Press Release

England takes top position in new Digital Connectivity Readiness Index

Thu 26 Oct 2023

England is the most-prepared home nation when it comes to digital readiness, according to FarrPoint’s new Digital Connectivity Readiness Index.

England scored 86 out of a possible 100, followed by Northern Ireland, Scotland and Wales with scores of 80, 79 and 77 respectively.

The Digital Connectivity Readiness Index (DCRI) supports UK policy makers and digital leaders in enhancing their digital connectivity strategies by scoring a range of infrastructure and digital adoption metrics to identify gaps and opportunities.

Matthew Izatt-Lowry, Senior Economist at FarrPoint, said: “Digital connectivity is increasingly important in enabling economic, social and environmental change. We understand how vital it is for local decision makers to take an evidence-based approach to understand their key challenges and opportunities.”

FarrPoint is currently working with several local authorities across the UK to define their DCRI scores, which will then be used to track and benchmark their progress over time.

The UK as a whole has an average DCRI score of 84, with an infrastructure sub-score of 87, showing the effectiveness of the UK Government’s prioritisation of investment in improving digital network infrastructure.

On adoption, the UK scores 83, suggesting there is more to be done.

The scores contained within the DCRI are based on key indicators gathered from a series of data sources, including Ofcom and the Office for National Statistics.

A robust approach to weighting was used to ensure that the indicators take into account the commercial, regulatory and policy prioritisation considerations.

Looking beyond the headline scores, there are a range of differences in performance between the four nations on infrastructure and adoption.

England performed well on both infrastructure (89) and adoption (84), driven by a strong roll out of digital networks and a vibrant digital economy. However, issues remain around security and well-being online, which are key challenges for adoption.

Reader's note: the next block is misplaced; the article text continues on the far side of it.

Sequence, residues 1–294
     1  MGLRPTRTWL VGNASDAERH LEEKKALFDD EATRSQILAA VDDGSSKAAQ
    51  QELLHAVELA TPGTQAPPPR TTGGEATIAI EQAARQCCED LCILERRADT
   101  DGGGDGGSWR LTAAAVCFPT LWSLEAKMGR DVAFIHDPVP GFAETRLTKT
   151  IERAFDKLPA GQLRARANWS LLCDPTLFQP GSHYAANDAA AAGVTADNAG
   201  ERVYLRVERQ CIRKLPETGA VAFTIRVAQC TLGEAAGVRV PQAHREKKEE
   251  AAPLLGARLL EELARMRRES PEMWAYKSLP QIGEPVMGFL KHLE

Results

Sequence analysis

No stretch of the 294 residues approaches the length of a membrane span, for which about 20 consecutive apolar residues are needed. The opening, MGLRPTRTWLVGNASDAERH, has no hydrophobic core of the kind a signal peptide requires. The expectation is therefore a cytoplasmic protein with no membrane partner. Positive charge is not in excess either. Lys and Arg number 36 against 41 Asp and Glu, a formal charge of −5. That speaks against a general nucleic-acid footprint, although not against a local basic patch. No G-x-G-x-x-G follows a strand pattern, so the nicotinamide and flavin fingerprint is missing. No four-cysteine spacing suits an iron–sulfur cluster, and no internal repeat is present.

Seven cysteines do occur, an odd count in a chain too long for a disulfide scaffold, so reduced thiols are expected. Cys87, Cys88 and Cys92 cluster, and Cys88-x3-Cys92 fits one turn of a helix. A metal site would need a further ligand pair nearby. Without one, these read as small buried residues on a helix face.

Scotland’s lower score for infrastructure (79) reflected some of the key challenges in rolling out networks across rural regions, such as the Highlands and Islands. On adoption (79), whilst Scotland scored well on household adoption including the use of online public services, it performed less well on digital economy and innovation indicators.

Northern Ireland’s DCRI results painted a particularly interesting picture, with a significant difference in performance on infrastructure (86) and adoption (76). On one hand, Project Stratum saw significant improvements made to the network infrastructure. However, indicators around the digital sector, innovation and getting households online are below that of the rest of the UK.

Wales’ performance is broadly similar across the infrastructure (78) and adoption (77) indexes. While the country performed well on 4G and superfast connectivity, roll-out of Gigabit and 5G networks are both below the UK average. On the adoption side, challenges around security, wellbeing and skills, as well as a less vibrant digital economy means its score is lower than the UK average.

“As can be seen from the results of this initial DCRI analysis, the UK and its constituent nations perform well on many of the infrastructure indicators.

However, infrastructure alone, without adoption, will not produce any benefits for households, communities or businesses meaning there is still a lot of opportunity to improve the country-wide adoption of the technology.

“The next stage for local decision makers is to find out how their region scores, which will allow them to better understand where the key opportunities are for harnessing the full potential of digital,” added Izatt-Lowry.

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